In a letter issued last week, the American Trucking Associations (ATA) requested that the Federal Motor Carrier’s Safety Administration (FMCSA) “delay implementation of the new Hours of Service rule until three months after an appeals court renders a decision on requests by the ATA and safety advocacy groups to have the rule overturned.” 1
The ATA’s hearing against the FMCSA is scheduled for March 15th, in which the ATA plans on bringing up several issues including revision of the HOS to include a restart provision containing two consecutive breaks between the hours of 1 a.m. and 5.am., reducing a driver’s work week from 82 to 70 hours as well as a mandatory 30-minute break if 8 hours or less have passed since the driver’s last off-duty period. Both of these becoming effective July 1, 2013.
Since a decision on the ruling is likely to take up to three months after the hearing, a decision is likely to be made as close as a month prior to the HOS ruling taking affect, therefore, the ATA is asking for an extension on the effective date of the HOS changes in order to prevent unnecessary training (or reversely, adequate changing).
As ATA President Bill Graves explains, “The requested delay will avoid potentially duplicative and unnecessary training, prevent confusion if the court’s decision alters in any manner the final rule, and, given the anticipated short length of the delay, will have no measureable impact on highway safety. Much of the training for the rule already is under way, but the industry and the enforcement community still will need three months to finish the job once they know what the final rule says.” 1, 2
Besides the impact that the new ruling would have on drivers and carriers, the effect that the changes would have on shippers and manufactures are relevant as well. As mentioned in the United States Court of Appeals for the District of Columbia Circuit: American Trucking Associations Inc., Petitioner, v. Federal Motor Carrier Safety Administration; and United States of America, Respondent, “The FMCSA unjustifiably claimed that it need not measure the costs to shippers and receivers because ‘these entities are not subject to FMCSA regulations…’” 3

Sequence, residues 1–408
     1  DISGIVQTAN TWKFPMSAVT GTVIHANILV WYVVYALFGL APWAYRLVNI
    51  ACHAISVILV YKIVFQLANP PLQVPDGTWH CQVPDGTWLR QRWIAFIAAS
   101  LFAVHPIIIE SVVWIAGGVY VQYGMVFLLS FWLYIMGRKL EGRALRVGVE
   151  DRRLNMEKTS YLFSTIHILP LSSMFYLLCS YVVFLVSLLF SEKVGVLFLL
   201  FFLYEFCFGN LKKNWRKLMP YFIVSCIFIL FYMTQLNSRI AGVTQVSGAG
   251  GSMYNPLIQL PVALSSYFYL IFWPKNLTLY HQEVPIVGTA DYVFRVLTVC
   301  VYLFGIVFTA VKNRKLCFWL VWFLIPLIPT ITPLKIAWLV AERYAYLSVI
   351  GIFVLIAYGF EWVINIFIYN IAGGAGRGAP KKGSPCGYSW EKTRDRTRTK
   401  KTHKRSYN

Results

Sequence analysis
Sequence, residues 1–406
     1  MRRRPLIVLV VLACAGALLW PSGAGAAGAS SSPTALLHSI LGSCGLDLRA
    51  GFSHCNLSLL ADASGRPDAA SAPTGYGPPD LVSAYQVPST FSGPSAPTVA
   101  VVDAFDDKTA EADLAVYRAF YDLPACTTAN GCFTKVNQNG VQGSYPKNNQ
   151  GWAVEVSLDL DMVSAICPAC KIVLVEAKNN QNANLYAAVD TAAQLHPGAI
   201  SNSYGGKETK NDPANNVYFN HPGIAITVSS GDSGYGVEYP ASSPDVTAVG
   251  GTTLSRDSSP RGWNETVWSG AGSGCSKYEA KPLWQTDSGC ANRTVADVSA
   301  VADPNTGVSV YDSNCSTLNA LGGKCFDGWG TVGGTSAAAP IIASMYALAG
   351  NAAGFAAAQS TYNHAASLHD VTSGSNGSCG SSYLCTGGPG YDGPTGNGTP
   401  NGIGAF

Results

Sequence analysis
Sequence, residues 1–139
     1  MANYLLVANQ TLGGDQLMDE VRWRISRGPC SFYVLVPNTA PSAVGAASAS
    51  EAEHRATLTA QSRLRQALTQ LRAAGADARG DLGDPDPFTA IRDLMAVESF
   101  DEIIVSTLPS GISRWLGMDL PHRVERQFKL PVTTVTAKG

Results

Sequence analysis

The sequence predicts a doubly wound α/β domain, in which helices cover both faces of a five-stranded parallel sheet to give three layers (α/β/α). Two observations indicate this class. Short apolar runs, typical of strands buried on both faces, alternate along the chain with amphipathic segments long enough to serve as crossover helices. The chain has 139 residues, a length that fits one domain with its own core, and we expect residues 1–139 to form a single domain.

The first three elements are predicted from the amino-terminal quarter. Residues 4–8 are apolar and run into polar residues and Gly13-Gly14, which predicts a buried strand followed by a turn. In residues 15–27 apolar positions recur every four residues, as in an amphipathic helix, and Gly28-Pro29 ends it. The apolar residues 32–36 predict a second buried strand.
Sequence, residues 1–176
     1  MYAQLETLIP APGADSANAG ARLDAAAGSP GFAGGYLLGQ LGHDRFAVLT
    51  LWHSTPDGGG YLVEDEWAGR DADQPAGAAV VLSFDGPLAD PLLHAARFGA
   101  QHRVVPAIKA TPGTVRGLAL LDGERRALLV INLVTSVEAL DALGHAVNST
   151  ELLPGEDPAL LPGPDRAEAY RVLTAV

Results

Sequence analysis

The amicus brief, which was filed by trade associations including the National Association of Manufacturers and National Retail Federation, mention the factors involved by those shippers who rely on night delivers stating, “The overall off-duty time for those drivers could be significantly more than 34 hours – in some cases over 60 hours. This reduction in available workweek hours will force companies to hire additional drivers and add equipment. Some drivers will start work early in the morning – as opposed to making their deliveries at night as preferred by the shippers and receivers – adding trucks on the road at peak times, and leading to increased congestion and longer delivery lead times.” 3
“NGA noted that these changes would disproportionately impact its members…Grocery stores rely on deliveries early in the morning, especially for perishable goods that have a limited shelf life and must be on the shelves when stores open. With the changes to the rule, lead times for perishable goods will increase, leading wholesalers to increase inventory levels to maintain service. All of these changes would lead to increased costs throughout the supply chain.” 3
The FMCSA is currently reviewing the ATA’s request.
For a copy of the United States Court of Appeals for the District of Columbia Circuit: American Trucking Associations Inc., Petitioner, v. Federal Motor Carrier Safety Administration; and United States of America, Respondent visit http://www.nam.org/~/media/CDAD402C67CB4E46A65227C89B235BE0/American_Trucking_Assns_v_Federal_Motor_Carrier_Safety_Admin_DC_Cir_07312012.pdf
What affects do you see the hours-of-service changes as having on your company? Do you rely on late/early morning deliveries to stock your products? Road Scholar offers expedited shipping to get your freight delivered safely on time because your point of sale is our point of service. Learn more at www.roadscholar.com.